By Michael Feder
This egalitarian approach would inform Smith’s management approach later on. “Just because you’re in the workforce” she says, “doesn’t mean you shouldn’t develop the same skills as your supervisor.”
The military also offered the opportunity to learn an extensive skill set. Smith took advantage of this opportunity to develop skills that would benefit her when she reentered the civilian world.
“In my five years, I got to do a lot,” she says of her military service, which took her to Germany, South Korea, Washington State, North Carolina and Hawaii. She completed administrative specialist and postal operations training and worked in both areas until she re-enlisted and elected to attend the attached Finance Specialist School. After completing this schooling she was reassigned to Hawaii.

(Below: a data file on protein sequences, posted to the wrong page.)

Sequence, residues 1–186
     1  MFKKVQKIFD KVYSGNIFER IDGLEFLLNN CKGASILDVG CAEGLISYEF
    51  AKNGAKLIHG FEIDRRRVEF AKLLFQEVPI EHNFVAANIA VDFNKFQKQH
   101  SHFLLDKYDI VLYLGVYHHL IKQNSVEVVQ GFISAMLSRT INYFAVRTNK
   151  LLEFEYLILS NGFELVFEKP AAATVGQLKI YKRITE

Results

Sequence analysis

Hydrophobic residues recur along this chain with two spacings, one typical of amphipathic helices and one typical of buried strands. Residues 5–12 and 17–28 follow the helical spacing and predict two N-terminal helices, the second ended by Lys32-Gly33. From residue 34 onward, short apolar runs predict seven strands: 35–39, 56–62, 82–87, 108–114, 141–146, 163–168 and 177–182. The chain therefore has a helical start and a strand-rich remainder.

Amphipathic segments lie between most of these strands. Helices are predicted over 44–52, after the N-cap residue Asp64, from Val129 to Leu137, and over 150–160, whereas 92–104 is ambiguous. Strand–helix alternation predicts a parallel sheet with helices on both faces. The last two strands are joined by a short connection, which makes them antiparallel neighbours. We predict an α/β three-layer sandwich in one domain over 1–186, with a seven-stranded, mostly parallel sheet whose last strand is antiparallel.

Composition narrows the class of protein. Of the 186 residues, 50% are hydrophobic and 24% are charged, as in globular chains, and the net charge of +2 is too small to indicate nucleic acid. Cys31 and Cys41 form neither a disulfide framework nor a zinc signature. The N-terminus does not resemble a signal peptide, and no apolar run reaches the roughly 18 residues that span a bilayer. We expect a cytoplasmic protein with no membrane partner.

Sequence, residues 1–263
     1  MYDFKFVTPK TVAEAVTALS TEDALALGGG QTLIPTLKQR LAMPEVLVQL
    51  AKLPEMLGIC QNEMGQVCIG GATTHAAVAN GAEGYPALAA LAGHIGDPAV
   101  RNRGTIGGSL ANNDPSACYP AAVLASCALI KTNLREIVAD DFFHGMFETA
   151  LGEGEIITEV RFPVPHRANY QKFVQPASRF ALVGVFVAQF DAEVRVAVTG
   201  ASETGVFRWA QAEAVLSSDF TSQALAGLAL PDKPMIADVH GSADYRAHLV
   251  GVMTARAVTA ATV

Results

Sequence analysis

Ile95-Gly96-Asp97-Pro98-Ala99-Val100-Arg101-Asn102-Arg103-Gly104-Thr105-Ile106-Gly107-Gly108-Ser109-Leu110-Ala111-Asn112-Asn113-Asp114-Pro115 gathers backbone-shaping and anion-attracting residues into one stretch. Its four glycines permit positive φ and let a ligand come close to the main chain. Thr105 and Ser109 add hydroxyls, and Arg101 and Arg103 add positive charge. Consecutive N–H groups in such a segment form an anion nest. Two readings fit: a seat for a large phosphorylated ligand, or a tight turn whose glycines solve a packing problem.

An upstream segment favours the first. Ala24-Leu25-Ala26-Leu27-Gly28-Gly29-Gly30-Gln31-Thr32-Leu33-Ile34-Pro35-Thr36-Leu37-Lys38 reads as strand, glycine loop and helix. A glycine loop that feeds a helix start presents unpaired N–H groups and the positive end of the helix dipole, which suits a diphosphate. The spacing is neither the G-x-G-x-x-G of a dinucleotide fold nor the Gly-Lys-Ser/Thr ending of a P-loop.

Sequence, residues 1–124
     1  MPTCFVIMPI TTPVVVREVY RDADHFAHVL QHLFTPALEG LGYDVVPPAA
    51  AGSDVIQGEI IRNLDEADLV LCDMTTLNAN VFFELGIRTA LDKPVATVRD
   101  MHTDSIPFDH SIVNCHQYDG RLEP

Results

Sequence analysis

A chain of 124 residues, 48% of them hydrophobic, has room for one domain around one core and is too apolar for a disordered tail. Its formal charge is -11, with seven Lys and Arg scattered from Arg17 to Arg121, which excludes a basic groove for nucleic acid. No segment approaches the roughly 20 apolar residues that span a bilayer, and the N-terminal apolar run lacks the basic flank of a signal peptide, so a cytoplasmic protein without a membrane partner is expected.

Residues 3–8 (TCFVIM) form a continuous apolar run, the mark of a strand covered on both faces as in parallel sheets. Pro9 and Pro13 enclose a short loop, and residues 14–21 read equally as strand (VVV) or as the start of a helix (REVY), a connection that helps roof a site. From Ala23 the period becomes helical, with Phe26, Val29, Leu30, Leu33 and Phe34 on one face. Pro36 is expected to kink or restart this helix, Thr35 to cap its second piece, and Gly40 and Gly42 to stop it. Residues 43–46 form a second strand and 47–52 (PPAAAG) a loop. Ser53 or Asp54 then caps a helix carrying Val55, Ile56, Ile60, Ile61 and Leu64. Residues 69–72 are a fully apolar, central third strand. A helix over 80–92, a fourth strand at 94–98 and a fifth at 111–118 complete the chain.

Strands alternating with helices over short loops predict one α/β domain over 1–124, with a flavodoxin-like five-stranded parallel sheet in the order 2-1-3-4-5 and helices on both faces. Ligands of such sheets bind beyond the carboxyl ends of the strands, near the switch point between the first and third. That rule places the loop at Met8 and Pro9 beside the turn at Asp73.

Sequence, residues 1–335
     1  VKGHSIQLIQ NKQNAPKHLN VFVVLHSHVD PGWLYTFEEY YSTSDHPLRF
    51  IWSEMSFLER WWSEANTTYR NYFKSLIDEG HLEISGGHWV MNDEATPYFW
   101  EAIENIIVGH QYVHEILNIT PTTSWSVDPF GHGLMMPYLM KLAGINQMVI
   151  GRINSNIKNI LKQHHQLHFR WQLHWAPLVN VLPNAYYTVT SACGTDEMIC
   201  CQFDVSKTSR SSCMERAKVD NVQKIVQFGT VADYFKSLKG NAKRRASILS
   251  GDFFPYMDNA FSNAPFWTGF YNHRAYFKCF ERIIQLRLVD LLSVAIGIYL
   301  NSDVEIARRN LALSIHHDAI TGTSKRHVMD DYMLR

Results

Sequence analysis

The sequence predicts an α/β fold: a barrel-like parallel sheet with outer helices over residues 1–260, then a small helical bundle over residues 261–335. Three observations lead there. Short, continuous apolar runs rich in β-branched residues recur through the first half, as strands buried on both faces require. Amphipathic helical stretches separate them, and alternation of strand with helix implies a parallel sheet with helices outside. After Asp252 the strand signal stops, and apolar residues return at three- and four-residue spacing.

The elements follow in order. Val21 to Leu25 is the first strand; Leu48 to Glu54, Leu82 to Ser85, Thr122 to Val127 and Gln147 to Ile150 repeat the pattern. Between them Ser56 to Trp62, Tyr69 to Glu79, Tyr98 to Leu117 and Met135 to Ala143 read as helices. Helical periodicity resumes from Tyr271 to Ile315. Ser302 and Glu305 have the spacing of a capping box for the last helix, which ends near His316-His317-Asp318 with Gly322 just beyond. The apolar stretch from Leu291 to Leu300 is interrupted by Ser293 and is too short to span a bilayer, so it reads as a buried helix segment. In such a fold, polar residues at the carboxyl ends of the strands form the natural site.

“We all have our bucket lists,” Smith says, “and completing my degree was on my bucket list. My degree validated my [more than] 35 years of work experience.”
She left Verizon in 2018 and began working again for the federal government in Arlington, Virginia, this time for U.S. Citizenship and Immigration Services.
She was in the middle of completing her Master of Management degree program when the COVID-19 pandemic hit. Suddenly, Smith found herself isolated in a place she was unfamiliar with.